Chevy Volt sales flop, VW diesel owners get crumbs, Mercedes controls from hell

A 2015 Chevrolet Volt, the plug-in gas-electric hybrid the news media insists on calling an electric car.


What's all the shouting about?

Since 2011, Chevrolet has delivered about 85,000 Volt plug-in gas-electric hybrids in the United States and about 5,000 more in Canada.

That sounds like a sales flop to me, not a cause for celebration.

You'd have to add in sales in Europe and Australia through October to reach the 100,000-car milestone marked by the Gas2 blog and other media.

No one is saying how many hundreds of thousands of gallons of fossil fuel those cars burned or measuring how much pollution they poured into the atmosphere.

For a real success story, you have to look at Toyota, which sold more than 200,000 Prius gas-electric hybrids in each of the last three years.

From 2000 through December 2014, the Japanese automaker delivered nearly 1.5 million hybrids in the U.S. alone.

The Volt, including the redesigned 2016 model, represents the continuing failure of auto giant GM to answer Nissan and Tesla, leaders in all-electric cars.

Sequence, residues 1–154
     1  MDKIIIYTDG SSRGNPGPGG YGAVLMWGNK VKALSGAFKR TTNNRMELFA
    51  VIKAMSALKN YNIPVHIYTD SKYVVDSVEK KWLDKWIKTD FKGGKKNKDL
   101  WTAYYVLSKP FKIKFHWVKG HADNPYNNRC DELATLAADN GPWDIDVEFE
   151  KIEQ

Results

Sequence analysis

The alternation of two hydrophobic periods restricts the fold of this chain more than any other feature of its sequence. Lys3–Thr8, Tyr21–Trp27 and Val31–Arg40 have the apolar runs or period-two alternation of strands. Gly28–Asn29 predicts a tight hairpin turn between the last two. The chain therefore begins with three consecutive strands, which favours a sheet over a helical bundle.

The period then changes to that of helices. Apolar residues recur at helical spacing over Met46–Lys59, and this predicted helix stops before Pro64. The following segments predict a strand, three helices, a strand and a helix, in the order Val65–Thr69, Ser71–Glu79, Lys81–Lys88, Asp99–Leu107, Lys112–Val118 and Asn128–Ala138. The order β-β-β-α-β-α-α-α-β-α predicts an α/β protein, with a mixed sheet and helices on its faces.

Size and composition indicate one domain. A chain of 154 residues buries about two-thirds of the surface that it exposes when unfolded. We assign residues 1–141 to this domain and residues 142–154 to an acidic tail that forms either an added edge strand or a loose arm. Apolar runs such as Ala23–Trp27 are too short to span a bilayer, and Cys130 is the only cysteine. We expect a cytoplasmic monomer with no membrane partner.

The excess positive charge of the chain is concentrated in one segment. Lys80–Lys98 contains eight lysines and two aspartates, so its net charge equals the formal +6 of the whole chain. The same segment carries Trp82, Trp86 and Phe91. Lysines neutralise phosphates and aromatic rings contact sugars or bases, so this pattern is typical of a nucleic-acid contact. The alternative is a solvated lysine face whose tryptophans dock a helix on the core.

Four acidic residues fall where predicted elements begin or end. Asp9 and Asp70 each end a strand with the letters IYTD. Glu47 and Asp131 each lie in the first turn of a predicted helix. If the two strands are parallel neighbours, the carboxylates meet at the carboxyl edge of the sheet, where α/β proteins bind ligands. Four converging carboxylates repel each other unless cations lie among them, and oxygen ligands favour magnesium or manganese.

A 2015 Volkswagen Beetle TDI powered by a turbodiesel, direct injection engine that is both peppy and far dirtier than the automaker acknowledged.

A real environmental disaster are the 11 million Volkswagen and Audi vehicles worldwide with the so-called clean-diesel engines that were rigged to cheat on government emissions test.

Now, Volkswagen of America is offering owners of 2009-15 vehicles in the U.S. two prepaid cards totaling $1,000.

That's just another way of saying, "Suckers."

Last week, the Environmental Protection Agency said some Audi, Porsche and VW models powered by a bigger V-6 diesel engine also contained the emissions cheating software.

Back-up camera puzzle

I drove a 2015 Mercedes-Benz C300 sedan on Tuesday, but was puzzled why no back-up camera went on when I put the transmission into reverse.

I fished out the owner's manual and found the page on turning on and turning off the camera, only to be referred to another manual I couldn't find.

Why in heavens would you want to turn off the camera?

I've driven Toyotas from 1986 through April of this year, when I took delivery of a Tesla Model S, and found the C300's interior controls a true nightmare when compared to those cars.

The Mercedes rode roughly over North Jersey's deteriorated streets, and all of the tossing motions made me more uncomfortable than I was in my 2010 Toyota Prius.

I feel sorry for the elderly woman who owns the car, because its advanced technology is almost totally inaccessible to her.

And to think the MSRP of this piece of crap is close to $40,000.

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